Changing City Landscapes: How a Boston Jail Became A Luxury Hotel
From 1851-1990, if you were being held before trial in Boston, it was very possible you stayed at the Charles Street Jail. Complete with wings for both male and female inmates, it once held the likes of Malcolm X, along with several other famous lawbreakers.
Now this former jailhouse smells of lilies softly wafting through the women’s restroom at the reimagined Liberty Hotel. (This, among other things, makes it especially hard to believe that you’re in a 139-year-old jail cell.) The popular hotel is a transformative example of urban adaptive reuse: reworking neglected city spaces into dynamic, modern ones.
If you’re a little spooked at the thought of sleeping in a former jail cell, you’re not alone. That’s why the developer had Buddhist monks cleanse the space before the hotel opened. According to Liberty Hotel General Manager, Rachel Moniz, “That puts people’s minds at ease right away.”
What other interesting stories did we unlock? Keep reading to find out.
Zipcar: Who had the vision to turn a prison into a hotel?
Rachel: Dick Friedman, the developer of the hotel, is a Bostonian who would walk by as a kid and see this big wall around this building, and he just knew it was a bad place. When it [the Charles Street Jail] closed around 1990 due to the building being condemned for inhumane living conditions…the building just sat here, until he [Dick] partnered with Gary Johnson of Cambridge 7 Associates, who ultimately became the architect. They had seen the building and knew what they wanted to do from the very beginning. It’s very inspiring to look at this condemned building and imagine turning it into what it is today.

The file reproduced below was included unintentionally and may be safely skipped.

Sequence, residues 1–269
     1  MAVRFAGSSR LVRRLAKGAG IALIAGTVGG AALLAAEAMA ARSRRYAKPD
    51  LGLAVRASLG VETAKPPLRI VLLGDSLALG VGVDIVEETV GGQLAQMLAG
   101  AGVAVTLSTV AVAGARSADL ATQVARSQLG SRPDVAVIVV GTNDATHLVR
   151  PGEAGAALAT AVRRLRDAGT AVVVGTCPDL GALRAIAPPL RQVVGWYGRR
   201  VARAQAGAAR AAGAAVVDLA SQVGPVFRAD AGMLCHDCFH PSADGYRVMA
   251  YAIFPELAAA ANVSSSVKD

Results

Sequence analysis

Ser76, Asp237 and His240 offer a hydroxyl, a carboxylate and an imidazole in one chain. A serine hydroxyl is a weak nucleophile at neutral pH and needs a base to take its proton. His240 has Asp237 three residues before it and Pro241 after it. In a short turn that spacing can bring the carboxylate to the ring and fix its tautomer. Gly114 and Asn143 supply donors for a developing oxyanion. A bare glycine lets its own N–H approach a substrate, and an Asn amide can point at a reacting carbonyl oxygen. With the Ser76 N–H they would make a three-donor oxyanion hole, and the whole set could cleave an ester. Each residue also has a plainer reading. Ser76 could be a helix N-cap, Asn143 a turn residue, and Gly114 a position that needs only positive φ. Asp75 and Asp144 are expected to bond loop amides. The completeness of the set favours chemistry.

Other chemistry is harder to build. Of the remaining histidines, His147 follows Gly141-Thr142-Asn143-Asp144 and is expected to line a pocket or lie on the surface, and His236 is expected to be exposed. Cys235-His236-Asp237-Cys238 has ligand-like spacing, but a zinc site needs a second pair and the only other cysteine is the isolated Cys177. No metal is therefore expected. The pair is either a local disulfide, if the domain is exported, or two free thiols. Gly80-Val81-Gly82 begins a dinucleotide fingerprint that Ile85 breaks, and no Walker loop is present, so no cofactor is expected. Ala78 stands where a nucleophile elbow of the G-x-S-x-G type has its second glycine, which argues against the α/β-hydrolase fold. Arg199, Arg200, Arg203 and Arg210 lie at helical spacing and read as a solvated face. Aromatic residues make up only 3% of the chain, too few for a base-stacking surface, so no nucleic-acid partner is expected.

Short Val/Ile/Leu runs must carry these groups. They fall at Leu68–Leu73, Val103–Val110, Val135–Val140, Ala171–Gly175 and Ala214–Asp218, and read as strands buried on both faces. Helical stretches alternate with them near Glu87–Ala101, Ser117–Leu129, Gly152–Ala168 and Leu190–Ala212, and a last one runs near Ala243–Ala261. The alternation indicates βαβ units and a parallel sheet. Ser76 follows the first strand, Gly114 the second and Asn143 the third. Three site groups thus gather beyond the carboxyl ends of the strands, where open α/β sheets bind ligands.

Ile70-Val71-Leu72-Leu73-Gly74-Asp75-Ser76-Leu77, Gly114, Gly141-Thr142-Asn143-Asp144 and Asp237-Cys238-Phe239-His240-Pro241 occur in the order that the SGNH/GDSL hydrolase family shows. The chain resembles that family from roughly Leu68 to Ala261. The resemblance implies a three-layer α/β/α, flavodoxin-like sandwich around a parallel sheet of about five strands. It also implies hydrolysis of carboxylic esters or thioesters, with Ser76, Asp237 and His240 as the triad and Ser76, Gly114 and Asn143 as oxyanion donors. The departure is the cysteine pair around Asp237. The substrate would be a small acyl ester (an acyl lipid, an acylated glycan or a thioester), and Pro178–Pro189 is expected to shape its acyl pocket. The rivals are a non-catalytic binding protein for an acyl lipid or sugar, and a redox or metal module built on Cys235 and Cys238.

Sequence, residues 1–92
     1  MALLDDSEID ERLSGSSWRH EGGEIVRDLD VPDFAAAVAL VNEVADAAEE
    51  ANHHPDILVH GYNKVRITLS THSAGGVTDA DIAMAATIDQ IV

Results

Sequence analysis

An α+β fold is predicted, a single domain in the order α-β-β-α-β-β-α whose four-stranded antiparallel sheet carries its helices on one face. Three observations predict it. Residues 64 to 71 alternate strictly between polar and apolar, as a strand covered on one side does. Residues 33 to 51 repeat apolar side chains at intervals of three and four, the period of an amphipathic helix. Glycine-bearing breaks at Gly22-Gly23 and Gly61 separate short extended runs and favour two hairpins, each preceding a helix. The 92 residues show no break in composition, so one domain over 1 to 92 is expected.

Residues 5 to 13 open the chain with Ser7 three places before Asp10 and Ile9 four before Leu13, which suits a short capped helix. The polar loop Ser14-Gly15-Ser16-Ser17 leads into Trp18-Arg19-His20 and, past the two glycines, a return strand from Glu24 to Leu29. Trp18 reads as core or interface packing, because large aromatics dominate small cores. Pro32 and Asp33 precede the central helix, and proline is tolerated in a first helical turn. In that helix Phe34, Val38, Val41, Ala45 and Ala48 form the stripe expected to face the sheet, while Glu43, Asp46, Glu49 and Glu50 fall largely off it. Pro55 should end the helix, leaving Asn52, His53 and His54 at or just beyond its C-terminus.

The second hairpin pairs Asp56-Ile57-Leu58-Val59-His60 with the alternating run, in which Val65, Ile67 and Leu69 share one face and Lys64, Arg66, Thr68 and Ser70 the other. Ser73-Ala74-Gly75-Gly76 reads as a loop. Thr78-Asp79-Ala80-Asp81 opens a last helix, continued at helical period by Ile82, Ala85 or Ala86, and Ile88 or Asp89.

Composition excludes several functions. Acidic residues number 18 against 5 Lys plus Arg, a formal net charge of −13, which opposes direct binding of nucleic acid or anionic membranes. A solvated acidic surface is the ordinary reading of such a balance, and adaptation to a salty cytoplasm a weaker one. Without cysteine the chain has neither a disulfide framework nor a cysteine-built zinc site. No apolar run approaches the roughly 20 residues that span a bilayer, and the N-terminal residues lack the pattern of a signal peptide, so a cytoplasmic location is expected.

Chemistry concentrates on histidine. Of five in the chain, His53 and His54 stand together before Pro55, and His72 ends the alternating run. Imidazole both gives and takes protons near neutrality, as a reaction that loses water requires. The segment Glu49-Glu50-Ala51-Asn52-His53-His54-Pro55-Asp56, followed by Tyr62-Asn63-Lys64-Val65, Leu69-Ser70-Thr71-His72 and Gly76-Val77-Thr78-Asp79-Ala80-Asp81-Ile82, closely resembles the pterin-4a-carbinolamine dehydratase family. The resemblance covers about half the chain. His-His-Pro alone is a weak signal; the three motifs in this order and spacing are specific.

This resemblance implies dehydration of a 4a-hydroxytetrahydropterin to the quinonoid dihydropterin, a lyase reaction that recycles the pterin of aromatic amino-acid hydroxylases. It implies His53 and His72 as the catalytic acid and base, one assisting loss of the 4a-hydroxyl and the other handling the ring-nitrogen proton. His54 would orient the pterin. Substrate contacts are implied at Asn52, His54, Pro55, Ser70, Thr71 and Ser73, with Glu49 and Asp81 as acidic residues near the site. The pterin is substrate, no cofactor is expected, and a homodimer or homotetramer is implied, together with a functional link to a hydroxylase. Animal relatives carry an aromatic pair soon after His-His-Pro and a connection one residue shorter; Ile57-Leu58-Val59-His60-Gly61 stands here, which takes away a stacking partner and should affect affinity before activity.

Was it difficult to sell the idea to the City of Boston?
No, this area was undergoing a bit of a renaissance. This end of Charles Street wasn’t as desirable. It was clearly a beautiful building — something had to be done with it. They realized [restoring it] would help with so many things. It would help patients and patients’ families at Mass General Hospital, who could stay on the campus of MGH. It’s also close to one of the treasures of Boston, the beautiful Charles River and Esplanade. One of the things they were most concerned about was the historic integrity of the building, and that was kept intact.
Which parts of the historic structure have been maintained?
There are the jail bars in the two restaurants in the hotel called CLINK. and Alibi, the cell doors by the historic exhibit, the wrought iron railing on the catwalks are the original railing, though the catwalks themselves [where prison guards would monitor the prisoners] had to be bumped way out — probably double in size to meet the required codes for today.
One of the things to keep in mind about this project: There were 10 inches of white paint over all of the exposed brick you see today. That had to be painstakingly chipped through, the brick had to be removed to get it completely removed of paint, and then that brick was put back in its original place. This was such a labor of love. The project itself cost about $150 million, and $25 million was given back in historic tax credits because that type of work was done.